20 Aug Capital 19 Catch-Up
Weekly Index Movement
|Aussie All Ords
Both the US and Australian share markets fell last week. But for different reasons.
The US is adjusting to the idea interest rates will remain high for a lot longer. Australia is adjusting to the fact their major trading partner seems to be going backwards.
Neither market is in free fall so this is your garden variety pullback in a bull market. It’s a good buying opportunity so you can position for the inevitable end of year rally that is coming.
I came across a new data stream this week that explains exactly why the market had such a good run from May to end of July.
It’s all because the fundies got worried about their bonuses and went on a FOMO (Fear Of Missing Out) run. Heaven forbid they fall behind the market and have to spend their summer at their desks rather than playing tennis in the Hamptons.
This is State Street’s index of institutional investor risk appetites index. Think of it as the big boys buying gauge.
When the blue line is rising/falling big boys appetite to buy stocks is increasing/decreasing.
The long run basics of this data are exactly what you would expect. Buying appetite was markedly low in February of 2020 as the world fell to Covid. But rebounded quickly when central banks everywhere gave out free money. Sentiment remained strong throughout 2021 until inflation suddenly wasn’t transitory anymore in 2022.
Curiously, as the market rallied in 2023 the big boys remained negative and did not believe it. But something changed in May of 2023 after the market had already moved higher. They suddenly became risk-on and chased stocks even higher. They were so far behind the market they had to do something so panic set in and they hit the buy button.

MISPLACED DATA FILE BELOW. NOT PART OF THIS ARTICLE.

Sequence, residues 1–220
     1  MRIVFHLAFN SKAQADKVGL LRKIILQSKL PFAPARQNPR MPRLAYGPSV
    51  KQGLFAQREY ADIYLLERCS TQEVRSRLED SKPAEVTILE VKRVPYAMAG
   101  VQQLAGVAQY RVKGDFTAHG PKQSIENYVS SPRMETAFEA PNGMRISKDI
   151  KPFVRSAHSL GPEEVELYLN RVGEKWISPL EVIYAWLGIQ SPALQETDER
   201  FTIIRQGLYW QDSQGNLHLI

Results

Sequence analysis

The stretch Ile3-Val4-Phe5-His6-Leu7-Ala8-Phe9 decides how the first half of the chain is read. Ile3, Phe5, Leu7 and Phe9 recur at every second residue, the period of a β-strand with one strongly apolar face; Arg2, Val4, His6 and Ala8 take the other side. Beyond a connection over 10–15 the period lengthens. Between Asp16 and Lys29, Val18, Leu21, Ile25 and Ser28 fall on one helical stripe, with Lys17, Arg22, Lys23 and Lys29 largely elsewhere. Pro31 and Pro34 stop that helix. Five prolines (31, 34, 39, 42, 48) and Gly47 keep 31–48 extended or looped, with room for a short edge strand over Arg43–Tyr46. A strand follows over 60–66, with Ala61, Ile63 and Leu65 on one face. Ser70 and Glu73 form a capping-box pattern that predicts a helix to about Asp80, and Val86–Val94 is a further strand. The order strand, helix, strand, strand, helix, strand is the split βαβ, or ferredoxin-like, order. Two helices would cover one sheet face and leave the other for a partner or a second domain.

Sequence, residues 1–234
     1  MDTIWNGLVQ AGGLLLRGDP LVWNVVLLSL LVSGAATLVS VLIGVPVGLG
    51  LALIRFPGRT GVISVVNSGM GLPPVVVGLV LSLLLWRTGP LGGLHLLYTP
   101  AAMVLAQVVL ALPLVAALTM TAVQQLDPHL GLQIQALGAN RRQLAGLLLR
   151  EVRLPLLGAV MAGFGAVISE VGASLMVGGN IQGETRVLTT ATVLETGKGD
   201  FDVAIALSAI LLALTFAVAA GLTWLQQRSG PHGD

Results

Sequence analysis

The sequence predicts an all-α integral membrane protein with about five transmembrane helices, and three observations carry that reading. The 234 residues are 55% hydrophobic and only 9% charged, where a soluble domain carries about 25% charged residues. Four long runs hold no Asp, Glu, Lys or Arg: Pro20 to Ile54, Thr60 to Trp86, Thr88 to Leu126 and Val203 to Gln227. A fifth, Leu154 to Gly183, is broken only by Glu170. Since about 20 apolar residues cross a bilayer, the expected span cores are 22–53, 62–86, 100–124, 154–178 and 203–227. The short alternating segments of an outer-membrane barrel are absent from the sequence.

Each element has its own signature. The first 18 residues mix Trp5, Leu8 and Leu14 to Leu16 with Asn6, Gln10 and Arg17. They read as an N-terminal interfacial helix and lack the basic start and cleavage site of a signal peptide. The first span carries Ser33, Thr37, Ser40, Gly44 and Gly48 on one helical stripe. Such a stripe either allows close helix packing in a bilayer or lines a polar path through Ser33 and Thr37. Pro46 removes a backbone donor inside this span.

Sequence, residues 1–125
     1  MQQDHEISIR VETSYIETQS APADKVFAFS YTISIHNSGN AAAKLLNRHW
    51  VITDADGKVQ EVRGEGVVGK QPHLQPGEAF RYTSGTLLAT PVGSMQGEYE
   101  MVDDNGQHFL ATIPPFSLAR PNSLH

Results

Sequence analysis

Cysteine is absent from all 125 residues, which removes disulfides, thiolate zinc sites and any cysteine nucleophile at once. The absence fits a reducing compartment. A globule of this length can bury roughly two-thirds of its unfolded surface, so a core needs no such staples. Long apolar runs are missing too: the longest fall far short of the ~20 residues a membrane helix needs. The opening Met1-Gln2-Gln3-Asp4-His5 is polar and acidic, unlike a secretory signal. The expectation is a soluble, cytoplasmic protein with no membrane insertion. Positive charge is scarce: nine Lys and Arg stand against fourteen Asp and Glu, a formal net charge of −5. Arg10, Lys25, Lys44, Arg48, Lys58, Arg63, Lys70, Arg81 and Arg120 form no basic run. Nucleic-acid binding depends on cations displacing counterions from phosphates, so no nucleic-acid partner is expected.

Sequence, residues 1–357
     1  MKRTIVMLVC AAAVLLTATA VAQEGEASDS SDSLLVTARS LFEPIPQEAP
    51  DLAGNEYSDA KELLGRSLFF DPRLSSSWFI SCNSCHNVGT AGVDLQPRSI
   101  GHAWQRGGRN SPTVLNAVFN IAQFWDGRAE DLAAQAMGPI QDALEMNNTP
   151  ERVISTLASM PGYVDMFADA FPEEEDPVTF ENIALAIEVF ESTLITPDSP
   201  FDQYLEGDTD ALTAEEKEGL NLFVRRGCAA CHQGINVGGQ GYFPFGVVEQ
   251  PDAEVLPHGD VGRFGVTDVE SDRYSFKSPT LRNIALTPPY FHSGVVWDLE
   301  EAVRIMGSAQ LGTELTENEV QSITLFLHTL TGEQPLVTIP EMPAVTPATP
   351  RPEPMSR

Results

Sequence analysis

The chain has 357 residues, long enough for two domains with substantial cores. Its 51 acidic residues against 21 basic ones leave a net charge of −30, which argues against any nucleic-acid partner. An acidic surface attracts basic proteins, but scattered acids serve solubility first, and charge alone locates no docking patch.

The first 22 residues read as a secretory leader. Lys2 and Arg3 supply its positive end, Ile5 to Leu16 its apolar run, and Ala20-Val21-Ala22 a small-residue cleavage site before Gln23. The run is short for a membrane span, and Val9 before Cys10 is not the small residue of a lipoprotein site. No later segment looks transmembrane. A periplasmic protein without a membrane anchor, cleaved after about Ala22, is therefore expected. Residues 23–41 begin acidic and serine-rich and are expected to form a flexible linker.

And look where they are now.
It’s hard to think they will become even more bullish at this point. This means we are likely to see more weakness over the next 4 – 6 weeks until prices become more attractive again and the cycle will repeat.
China Looking Worse and Worse
Stocks in both Australia and the US got worried about China last week. When the world’s second biggest economy slowed.
Several factors have contributed to the downbeat tone including some very weak economic data (Retail Sales, Industrial Production, and Unemployment). One notable aspect that was missing from the Chinese employment data was the youth unemployment rate. In June, the rate of joblessness for those aged 16 to 24 was 21.3%, but with the latest data release, the Chinese authorities said they would temporarily stop releasing the data so that it could be refined. Don’t worry though, one official assured us that the situation was ‘generally stable’.
You’ve got to love the Chinese. Bad data – just stop reporting it then it doesn’t matter anymore right?
China’s authorities responded to another burst of dire news on the economy with a well-honed playbook: They cut interest rates and withheld some potentially embarrassing economic data. The trouble, say investors and economists, is that lower borrowing costs and greater opacity aren’t what China needs to reignite growth and restore vanishing confidence in its economy. China’s economy is staggering under an array of challenges, including a drawn-out real-estate crunch, worsening relations with the U.S.-led West and difficulties in nurturing a consumer-led expansion while the usual growth engines of investment and exports misfire. Gauges of consumer spending, industrial production, and public and private investment in China missed expectations by a wide margin in July.